top of page

“Healthy Smoothies” or just Bull$h*t?


Protein powders can be found everywhere at the moment, endorsed by personal trainers, celebrities and influencers telling you how much they *love it (*for a cut of the profits), to the supermarket shelves selling protein balls in convenient little packets. And, it is actively promoted as part of a healthy diet, and increasingly for weight control. Ironically, many people who love protein supplements go to a lot of effort to avoid processed foods but seem to forget that protein powder is one of the most processed foods out there.

Most people understand that eating too much refined starch (white flour) or refined sugar is not good for them. These are the extracted and refined parts of the plant that give us carbohydrates. So why on earth is it that we think extracting and refining the protein part of a plant, or from milk, is going to be good for us?


"It’s a highly processed food that then costs a whole lot more than the whole food it came from.”


There’s no denying that protein powder is convenient. It provides a quick and easy source of protein after a workout that doesn’t require refrigeration. 

Let’s face it, it's not always convenient to tuck into a meal right after the gym, so in some cases protein supplements can be a good option from a convenience perspective.

However, getting the protein you need from actual food is preferable to using protein powder, as it’s likely to offer far more in the way of nutritional benefits. Whole foods offer the benefits of a range of other nutrients such as carbohydrate, healthy fats, vitamins and minerals, which protein powder unfortunately doesn’t (or does so in much smaller amounts).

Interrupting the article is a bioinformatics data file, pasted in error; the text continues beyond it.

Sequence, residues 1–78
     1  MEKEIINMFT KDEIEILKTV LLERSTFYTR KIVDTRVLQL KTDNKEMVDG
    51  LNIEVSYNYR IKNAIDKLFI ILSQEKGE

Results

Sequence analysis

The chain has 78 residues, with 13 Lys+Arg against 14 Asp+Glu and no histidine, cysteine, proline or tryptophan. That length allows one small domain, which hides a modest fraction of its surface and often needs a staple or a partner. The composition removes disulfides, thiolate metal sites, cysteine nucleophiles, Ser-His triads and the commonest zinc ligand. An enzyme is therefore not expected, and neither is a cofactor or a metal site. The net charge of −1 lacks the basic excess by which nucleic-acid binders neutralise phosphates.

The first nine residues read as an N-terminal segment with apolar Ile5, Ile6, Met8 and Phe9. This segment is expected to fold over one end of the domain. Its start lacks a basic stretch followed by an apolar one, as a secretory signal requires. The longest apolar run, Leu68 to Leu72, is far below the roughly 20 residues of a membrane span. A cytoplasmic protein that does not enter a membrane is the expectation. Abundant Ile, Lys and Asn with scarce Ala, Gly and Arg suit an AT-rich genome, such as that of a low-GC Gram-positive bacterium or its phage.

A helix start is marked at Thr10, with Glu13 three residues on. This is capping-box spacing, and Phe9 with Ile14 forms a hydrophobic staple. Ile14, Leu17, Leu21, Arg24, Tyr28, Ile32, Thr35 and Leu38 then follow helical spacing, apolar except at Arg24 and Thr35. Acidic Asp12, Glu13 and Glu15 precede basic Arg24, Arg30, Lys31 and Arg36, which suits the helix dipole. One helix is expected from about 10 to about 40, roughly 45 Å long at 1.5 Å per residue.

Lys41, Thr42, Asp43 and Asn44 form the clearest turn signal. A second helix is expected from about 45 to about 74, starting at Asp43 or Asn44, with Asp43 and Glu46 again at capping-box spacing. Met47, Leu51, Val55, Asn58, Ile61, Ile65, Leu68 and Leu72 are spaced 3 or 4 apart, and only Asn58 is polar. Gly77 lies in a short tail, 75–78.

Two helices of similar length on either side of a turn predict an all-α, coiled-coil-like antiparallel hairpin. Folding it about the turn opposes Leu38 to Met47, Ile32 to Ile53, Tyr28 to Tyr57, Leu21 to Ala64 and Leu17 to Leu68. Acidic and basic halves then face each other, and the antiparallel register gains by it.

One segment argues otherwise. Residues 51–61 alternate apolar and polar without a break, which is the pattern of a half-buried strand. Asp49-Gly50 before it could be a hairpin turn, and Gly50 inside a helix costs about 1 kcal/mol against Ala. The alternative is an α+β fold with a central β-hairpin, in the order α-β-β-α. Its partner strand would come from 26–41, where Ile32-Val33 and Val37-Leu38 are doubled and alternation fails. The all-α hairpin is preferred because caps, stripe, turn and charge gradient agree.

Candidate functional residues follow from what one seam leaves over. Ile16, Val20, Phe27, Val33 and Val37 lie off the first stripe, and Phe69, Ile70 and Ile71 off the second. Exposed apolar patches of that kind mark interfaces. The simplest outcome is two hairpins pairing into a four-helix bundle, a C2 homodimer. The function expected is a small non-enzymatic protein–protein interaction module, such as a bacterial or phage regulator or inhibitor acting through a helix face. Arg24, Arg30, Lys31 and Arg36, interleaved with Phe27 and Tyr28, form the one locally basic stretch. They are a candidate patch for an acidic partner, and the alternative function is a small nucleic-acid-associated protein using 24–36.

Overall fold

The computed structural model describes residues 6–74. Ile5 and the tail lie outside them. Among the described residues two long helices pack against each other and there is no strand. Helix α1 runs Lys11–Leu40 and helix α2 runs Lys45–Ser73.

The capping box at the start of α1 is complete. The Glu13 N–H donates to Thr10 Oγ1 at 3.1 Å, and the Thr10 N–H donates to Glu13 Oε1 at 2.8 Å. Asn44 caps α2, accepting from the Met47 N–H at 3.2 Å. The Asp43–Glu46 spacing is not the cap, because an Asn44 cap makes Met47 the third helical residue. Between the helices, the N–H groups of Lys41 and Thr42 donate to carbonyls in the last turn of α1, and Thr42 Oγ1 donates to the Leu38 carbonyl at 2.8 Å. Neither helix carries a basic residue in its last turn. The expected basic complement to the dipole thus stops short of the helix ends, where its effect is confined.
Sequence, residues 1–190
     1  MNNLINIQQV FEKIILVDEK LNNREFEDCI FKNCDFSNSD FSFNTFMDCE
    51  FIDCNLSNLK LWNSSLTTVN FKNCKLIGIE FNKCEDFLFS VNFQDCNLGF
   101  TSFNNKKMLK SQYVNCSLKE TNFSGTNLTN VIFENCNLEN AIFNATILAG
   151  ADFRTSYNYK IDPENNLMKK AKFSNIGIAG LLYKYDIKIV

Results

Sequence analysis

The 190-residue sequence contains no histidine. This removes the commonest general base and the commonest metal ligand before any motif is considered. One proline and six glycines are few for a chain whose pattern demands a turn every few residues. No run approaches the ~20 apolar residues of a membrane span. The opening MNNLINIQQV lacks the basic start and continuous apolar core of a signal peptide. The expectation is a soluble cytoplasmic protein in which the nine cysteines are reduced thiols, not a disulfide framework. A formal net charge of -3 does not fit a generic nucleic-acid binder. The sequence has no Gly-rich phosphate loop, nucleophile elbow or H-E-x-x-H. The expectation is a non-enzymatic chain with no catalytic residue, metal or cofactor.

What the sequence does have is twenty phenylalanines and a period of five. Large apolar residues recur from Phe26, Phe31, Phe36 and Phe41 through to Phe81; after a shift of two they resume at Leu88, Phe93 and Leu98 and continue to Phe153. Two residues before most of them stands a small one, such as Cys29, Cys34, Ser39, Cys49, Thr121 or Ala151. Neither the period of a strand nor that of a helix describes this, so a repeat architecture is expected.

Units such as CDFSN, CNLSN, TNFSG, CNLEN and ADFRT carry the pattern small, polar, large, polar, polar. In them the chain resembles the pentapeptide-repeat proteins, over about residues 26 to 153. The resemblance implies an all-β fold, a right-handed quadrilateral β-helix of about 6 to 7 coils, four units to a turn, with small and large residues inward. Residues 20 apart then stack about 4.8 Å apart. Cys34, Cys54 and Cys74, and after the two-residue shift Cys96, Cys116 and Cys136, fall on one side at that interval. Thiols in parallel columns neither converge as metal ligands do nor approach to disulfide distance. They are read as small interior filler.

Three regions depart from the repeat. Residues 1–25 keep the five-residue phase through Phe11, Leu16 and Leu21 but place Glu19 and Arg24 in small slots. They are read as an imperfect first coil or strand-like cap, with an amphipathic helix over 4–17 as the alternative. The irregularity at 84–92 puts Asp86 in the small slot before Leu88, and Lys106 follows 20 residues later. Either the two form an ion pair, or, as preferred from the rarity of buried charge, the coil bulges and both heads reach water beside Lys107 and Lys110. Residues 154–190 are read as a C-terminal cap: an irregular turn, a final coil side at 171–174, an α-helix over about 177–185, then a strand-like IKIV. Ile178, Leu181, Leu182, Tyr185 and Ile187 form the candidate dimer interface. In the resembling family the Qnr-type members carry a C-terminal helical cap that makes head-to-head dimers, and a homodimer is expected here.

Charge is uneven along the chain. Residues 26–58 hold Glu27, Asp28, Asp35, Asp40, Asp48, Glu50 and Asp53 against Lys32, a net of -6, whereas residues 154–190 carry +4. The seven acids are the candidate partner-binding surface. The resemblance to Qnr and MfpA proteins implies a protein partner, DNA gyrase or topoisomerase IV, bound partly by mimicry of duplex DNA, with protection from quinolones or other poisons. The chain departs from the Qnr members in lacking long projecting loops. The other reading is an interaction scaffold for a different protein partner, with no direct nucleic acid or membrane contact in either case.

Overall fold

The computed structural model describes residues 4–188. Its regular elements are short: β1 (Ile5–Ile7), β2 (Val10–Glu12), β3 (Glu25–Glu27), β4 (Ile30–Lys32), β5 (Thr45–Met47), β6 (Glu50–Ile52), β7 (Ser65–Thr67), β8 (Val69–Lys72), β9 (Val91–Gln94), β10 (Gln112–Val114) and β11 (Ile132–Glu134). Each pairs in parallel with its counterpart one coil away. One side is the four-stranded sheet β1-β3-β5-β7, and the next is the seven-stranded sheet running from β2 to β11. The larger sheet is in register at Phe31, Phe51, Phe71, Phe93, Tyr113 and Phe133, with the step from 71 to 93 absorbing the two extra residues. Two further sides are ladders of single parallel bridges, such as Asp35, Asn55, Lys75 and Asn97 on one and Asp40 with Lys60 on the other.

I would be lying if I told you I didn’t occasionally have a protein powder, I sometimes find it to be useful for a quick drink between clients when I’m hungry and I know that I still have another 4+ hours before I can sit down for a meal. So, if you are going to use protein powders, it’s important to know what you are having…


Compare the following 4 proteins, to compare apples with apples, I’ve selected all vanilla vegan. All with 30g serving size.


What you are looking for is…

The AMOUNT of ingredients in each one. (and how many of those ingredients you can PRONOUNCE)

How many grams of PROTEIN per serve?

How many grams of SUGAR per serve?


True Protein:  

7 ingredients

24.1g of protein

0.1g of sugar


White Wolf

7 ingredients

22.7g of protein

0.5g of sugar



33 ingredients

10g of protein

*6g of sugar


*Please note that as per it’s recommendation Herbalife states on the nutrition panel “for best results, consume 2 x 30g Per day

So that equals 12g  = 4 teaspoons of sugar

You may be also interested to know that local smoothie bars around Melbourne use Herbalife  powders in all their smoothies. Please always check the ingredients list before purchasing these products.


Bulk Nutrients

3 ingredients

24.8g of protein

0.3g of sugar


The bottom line


If you do decide to use protein supplements, know what you are consuming. A good trick is to go for the one that contains the least amount of ingredients, but make sure that you prioritise food as your main source of protein.


And remember, simply taking protein powder or eating protein bars won't magically make you build muscle or tone up - you need to be giving your body a reason to change first through good old fashioned exercise!


I am not promoting or condoning any of these products, I just want you to be an informed consumer. Don’t buy into marketing tactics, quick fixes or miraculous claims. Don't waste your money on useless products or unsustainable, miserable diet plans that encourage you to replace real food with “diet shakes”. 

You are educated enough to know that you don’t have to turn your life upside down with a brand new diet to lose fat or eat more nutrients - you just need to make a few small changes which, over time, will produce the results you want. This process will include all of your favourite foods and support your mental health.

bottom of page